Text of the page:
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Crosby skates prior to Penguins' practice

by Alan Robinson

PITTSBURGHSidney Crosby skated fast enough, shot the puck well enough and executed more than a few routine drills extraordinarily well enough during a demanding 45 minutes on the ice Monday to remind the Pittsburgh Penguins that, well, he's still Sidney Crosby.
Crosby stickhandled the puck like the multiple-time All-Star he is and powered shots from odd angles past a make-shift goaltender. He visibly exerted himself while skating with injured teammates Jordan Staal and Simon Despres and didn't look much at all like a player whose return to the lineup remains indefinite.
"I don't think Sidney Crosby does anything too light," Pens coach Dan Bylsma said when asked if Crosby, who is recovering from concussion symptoms, is currently restricted to light exercise.
Crosby is not yet close to returning to the lineup – Bylsma acknowledged as much – but he also didn't look like the player whose symptoms are sidelining him for a second extended stretch this season.
Sidney Crosby
Center - PIT
GOALS: 2 | ASST: 10 | PTS: 12
SOG: 31 | +/-: 7
As the Penguins await word from an independent physician exactly what is wrong with Crosby – recent tests revealed a neck injury in addition to a concussion – Crosby is healthy enough to remind his teammates what they're missing without him.
"Physically, he's looked a lot better the last couple of weeks," defenseman Brooks Orpik said as the Penguins regrouped following their five-day All-Star break. "He looks a lot more upbeat. And if that's the case, maybe he can put some of this stuff behind him and move forward without any precaution, I guess. Maybe it was the next hurdle, kind of not knowing (exactly what was wrong). It's just good to see him back."
When they'll see him back on the ice during games remains uncertain. The unidentified third-party physician is reviewing Crosby's medical records, including those from a visit last week to, Dr. Robert S. Bray, a California-based neurological spine specialist who Crosby visited last week.

Bray told Crosby that the neck injury has healed, and the Penguins almost certainly would not have allowed him on the ice on Monday, even for routine skating and shooting drills, if there was any chance that it hadn't.
So, for now, Crosby is back to where he was before training camp began; he is cleared to skate but not to practice with the team or to engage in contact drills.
Still, the dynamic flair that Crosby has brought to the ice throughout his six-season NHL career was evident Monday, and his teammates clearly can't wait to see it again. And not just in practice.
"He was pretty excited about being back on the ice and being back with some of his teammates," Bylsma said.
Call it coincidence, but Orpik pointed out the seven-game winning streak the Penguins haul into Tuesday night's game against Toronto at Consol Energy Center began when Crosby joined them during a Florida road trip Jan. 13-15.
Crosby hasn't played since Dec. 5 or participated in a full practice since Dec. 7, when the team revealed a return of the concussion symptoms that sidelined him for the Penguins' final 41 games last season and their first 20 this season. Tuesday's game against Toronto will be the 22nd he has missed during this layoff.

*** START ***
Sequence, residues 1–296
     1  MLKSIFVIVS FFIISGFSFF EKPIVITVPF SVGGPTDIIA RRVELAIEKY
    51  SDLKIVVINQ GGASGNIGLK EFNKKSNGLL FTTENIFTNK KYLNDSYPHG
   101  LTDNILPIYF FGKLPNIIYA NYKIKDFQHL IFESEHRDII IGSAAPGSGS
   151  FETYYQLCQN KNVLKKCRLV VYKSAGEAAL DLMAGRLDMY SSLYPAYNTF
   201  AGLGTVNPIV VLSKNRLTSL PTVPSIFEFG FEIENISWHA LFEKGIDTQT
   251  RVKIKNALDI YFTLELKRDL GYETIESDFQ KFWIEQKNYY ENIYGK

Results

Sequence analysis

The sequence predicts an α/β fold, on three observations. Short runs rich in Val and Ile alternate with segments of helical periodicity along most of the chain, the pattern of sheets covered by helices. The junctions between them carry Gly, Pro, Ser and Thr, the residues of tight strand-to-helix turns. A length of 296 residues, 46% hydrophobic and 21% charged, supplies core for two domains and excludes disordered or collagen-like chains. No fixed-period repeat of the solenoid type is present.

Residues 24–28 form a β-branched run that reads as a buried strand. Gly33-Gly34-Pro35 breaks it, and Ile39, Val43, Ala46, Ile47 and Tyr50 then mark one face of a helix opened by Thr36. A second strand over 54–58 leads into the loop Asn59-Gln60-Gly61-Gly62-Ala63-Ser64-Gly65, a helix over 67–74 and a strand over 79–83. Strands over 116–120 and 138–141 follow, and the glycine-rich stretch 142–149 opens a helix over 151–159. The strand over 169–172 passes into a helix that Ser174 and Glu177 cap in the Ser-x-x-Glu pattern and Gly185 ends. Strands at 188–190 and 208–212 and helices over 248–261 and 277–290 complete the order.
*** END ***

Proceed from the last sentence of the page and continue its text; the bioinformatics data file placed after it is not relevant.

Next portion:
"Everybody in this room loves Sid and he just deserves our support," All-Star defenseman Kris Letang said. "It's great to know when something is wrong what is going on and maybe now he can really focus on getting back and treated (for) whatever is wrong."
Bylsma defended the Penguins' handling of Crosby’s injuries; he was first diagnosed with a concussion after absorbing hard hits in successive games on Jan. 1 and 5, 2011. Crosby has since played only eight games during a span of nearly 13 months.
Bylsma pointed out the Penguins haven't restricted Crosby's care to their own medical staff or his Pittsburgh-based doctors and concussions specialists, and they willingly allowed him to visit outside medical experts in Florida, Utah and California.
"I feel, Sidney feels, he's gotten every possible (avenue of) support from the Penguins and the Penguins' medical staff in the situation he's in, to try to find an answer to where he's at, what his condition is, what is his best road for recovery," Bylsma said. "He's gotten every available (method of) support from both the Penguins and from our medical staff and going other places and getting medical treatment. That's how we feel about it and I know Sidney feels the same way."
During the All-Star break, Penguins general manager Ray Shero said Crosby will consult with his team of concussion specialists this week.
"I think all along you'd like to have a definitive answer what a player has, what Sidney has, so you know the road (to recovery)," Bylsma said. "I think that's the most difficult thing, starting last year with a concussion and going forward, that you don't have a definitive answer. You'd like to do everything you possibly can to help the player to get back to full health and that's the main concern here. If there was some type of exact road you could go down, that would be a positive thing for Sidney and getting him back to full health."
Staal (sprained left medical collateral ligament) worked out with teammates for the first time since he was injured Jan. 6 against the Rangers; he is expected to be out from four to six weeks. Despres also has a sprained knee, but is closer to returning than Staal is, according to Bylsma.
Crosby, Stall and Despres skated before the Penguins practiced and did not talk to reporters.
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